Let’s compare two stories on the Target data breach that offer starkly opposing portraits of how the mega-retailer handled the hacking.
The first appeared last month in The Wall Street Journal, which got an all-access pass to Target’s C-suite officers, including CEO Gregg Steinhafel.
We learn many details of dubious relevance: Steinhafel took calls on Christmas while doing jigsaw puzzles with his kids; the twice-daily hacking meetings were stocked with Target-brand pretzels filled with peanut butter; Steinhafel is a hands-on CEO who munches animal crackers while walking his stores; he was eating sushi with his wife and another couple when he first learned something was wrong; he was sipping his morning coffee when he learned the extent of the damage. That he hits the gym at 4:30 in the morning for a “high-intensity P90X cross-training workout.”
Recently, Mr. Steinhafel says, he stopped a manager who was reading email on her cellphone as she passed through Target’s downtown Minneapolis headquarters. “Please be in the present,” he recalls telling her.
One person’s color is another person’s irrelevancy, but there’s little doubt the WSJ’s detail was over the top; particularly because it turns out that amidst all this access and detail, the Journal missed the real story: That serious missteps by Target were significant factors in the security breach, and that its initial response to the hacking worsened the fallout.
Four days before this story, the WSJ reported that “the breach wasn’t entirely a bolt from the blue” and that Target’s IT staff had warned about potential problems with its system but were ignored. None of that makes it into the piece. It’s a bit surreal (A WSJ spokeswoman declined to comment).
Nor does the WSJ ask why Target sat on the news for six days before telling the public and why it failed to inform its board of directors for five days. You have to read very carefully to pick up on that. Target only disclosed the breach a day after security blogger Brian Krebs, who got the big scoop on December 18 despite being stonewalled by Target.
Instead, the Journal story presents an executive team as action figures under siege through no fault of their own, fighting valiantly to serve their customers and save the reputation of their firm. It’s reminiscent of Andrew Ross Sorkin’s upside-down view of the financial crisis in Too Big to Fail. The Journal says that the hack was “highly technical and sophisticated,” according to the Secret Service and dutifully reports Steinhafel’s claim that “it would be hard for any retailer to withstand this.”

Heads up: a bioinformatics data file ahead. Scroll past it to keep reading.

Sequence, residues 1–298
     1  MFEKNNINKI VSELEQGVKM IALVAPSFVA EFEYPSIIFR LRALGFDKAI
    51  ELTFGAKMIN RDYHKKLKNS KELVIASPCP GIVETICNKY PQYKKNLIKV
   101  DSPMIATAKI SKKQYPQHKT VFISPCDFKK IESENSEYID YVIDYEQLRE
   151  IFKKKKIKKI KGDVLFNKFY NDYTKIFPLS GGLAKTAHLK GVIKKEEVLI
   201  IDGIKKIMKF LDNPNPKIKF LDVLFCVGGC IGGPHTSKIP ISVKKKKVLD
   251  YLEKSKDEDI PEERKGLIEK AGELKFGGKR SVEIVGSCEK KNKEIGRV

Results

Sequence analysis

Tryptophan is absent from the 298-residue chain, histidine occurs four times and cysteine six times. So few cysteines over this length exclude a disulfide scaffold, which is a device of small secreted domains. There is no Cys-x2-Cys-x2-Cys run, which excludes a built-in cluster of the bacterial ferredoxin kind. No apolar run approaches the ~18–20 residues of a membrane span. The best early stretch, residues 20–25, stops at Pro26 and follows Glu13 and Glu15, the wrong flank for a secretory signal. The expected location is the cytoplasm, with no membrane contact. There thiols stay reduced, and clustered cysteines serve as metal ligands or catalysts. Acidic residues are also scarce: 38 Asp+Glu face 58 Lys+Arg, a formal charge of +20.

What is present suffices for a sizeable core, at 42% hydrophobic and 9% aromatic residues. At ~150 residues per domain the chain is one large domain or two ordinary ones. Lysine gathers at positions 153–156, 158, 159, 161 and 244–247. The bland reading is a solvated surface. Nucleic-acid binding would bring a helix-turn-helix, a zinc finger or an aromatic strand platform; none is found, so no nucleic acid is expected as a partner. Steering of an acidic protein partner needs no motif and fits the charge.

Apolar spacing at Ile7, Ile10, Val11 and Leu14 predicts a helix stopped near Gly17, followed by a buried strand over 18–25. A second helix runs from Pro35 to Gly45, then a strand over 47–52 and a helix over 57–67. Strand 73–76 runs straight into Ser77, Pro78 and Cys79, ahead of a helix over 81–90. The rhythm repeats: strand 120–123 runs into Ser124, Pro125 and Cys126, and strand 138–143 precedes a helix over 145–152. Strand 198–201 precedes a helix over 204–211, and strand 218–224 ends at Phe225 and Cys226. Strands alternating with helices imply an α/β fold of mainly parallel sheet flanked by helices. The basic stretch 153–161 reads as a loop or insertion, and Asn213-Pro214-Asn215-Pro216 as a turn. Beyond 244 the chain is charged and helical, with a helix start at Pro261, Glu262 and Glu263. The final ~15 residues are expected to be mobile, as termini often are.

Cue high fives from Target’s crisis PR team. Page one of the Journal!
But wait. Turn to the second story. Bloomberg BusinessWeek reports that the hack “wasn’t particularly inventive, nor did it appear destined for success” and that it was “absolutely unsophisticated and uninteresting.”
More problematic: BusinessWeek finds that Target’s security systems flashed red for more than two weeks before anything was done about the hacking.
For some reason, Minneapolis didn’t react to the sirens. Bloomberg Businessweek spoke to more than 10 former Target employees familiar with the company’s data security operation, as well as eight people with specific knowledge of the hack and its aftermath, including former employees, security researchers, and law enforcement officials. The story they tell is of an alert system, installed to protect the bond between retailer and customer, that worked beautifully. But then, Target stood by as 40 million credit card numbers—and 70 million addresses, phone numbers, and other pieces of personal information—gushed out of its mainframes…
In testimony before Congress, Target has said that it was only after the U.S. Department of Justice notified the retailer about the breach in mid-December that company investigators went back to figure out what happened. What it hasn’t publicly revealed: Poring over computer logs, Target found FireEye’s alerts from Nov. 30 and more from Dec. 2, when hackers installed yet another version of the malware. Not only should those alarms have been impossible to miss, they went off early enough that the hackers hadn’t begun transmitting the stolen card data out of Target’s network. Had the company’s security team responded when it was supposed to, the theft that has since engulfed Target, touched as many as one in three American consumers, and led to an international manhunt for the hackers never would have happened at all.
That points to a conspicuous absence in all the Journal’s executive access: Target’s Chief Information Officer. What was she snacking on while all this went down? We’re not told. By the way, she resigned in early March. This fact alone lends weight to the Businessweek version of events and, at a minimum, complicates the Journal’s.
It’s important to note that Target gave BusinessWeek no access, instead issuing a statement from the CEO effectively declining to comment.
And yet the news organization without the access got the better, more complete story.
The big scoop made the cover of the magazine and BusinessWeek made a memorable animated gif out of it:
Huddle up the crisis flacks again, Target.
Ryan Chittum is a former Wall Street Journal reporter, and deputy editor of The Audit, CJR's business section. If you see notable business journalism, give him a heads-up at email@example.com. Follow him on Twitter at @ryanchittum.
Tags: access journalism, Bloomberg BusinessWeek, hacking, Target, The Wall Street Journal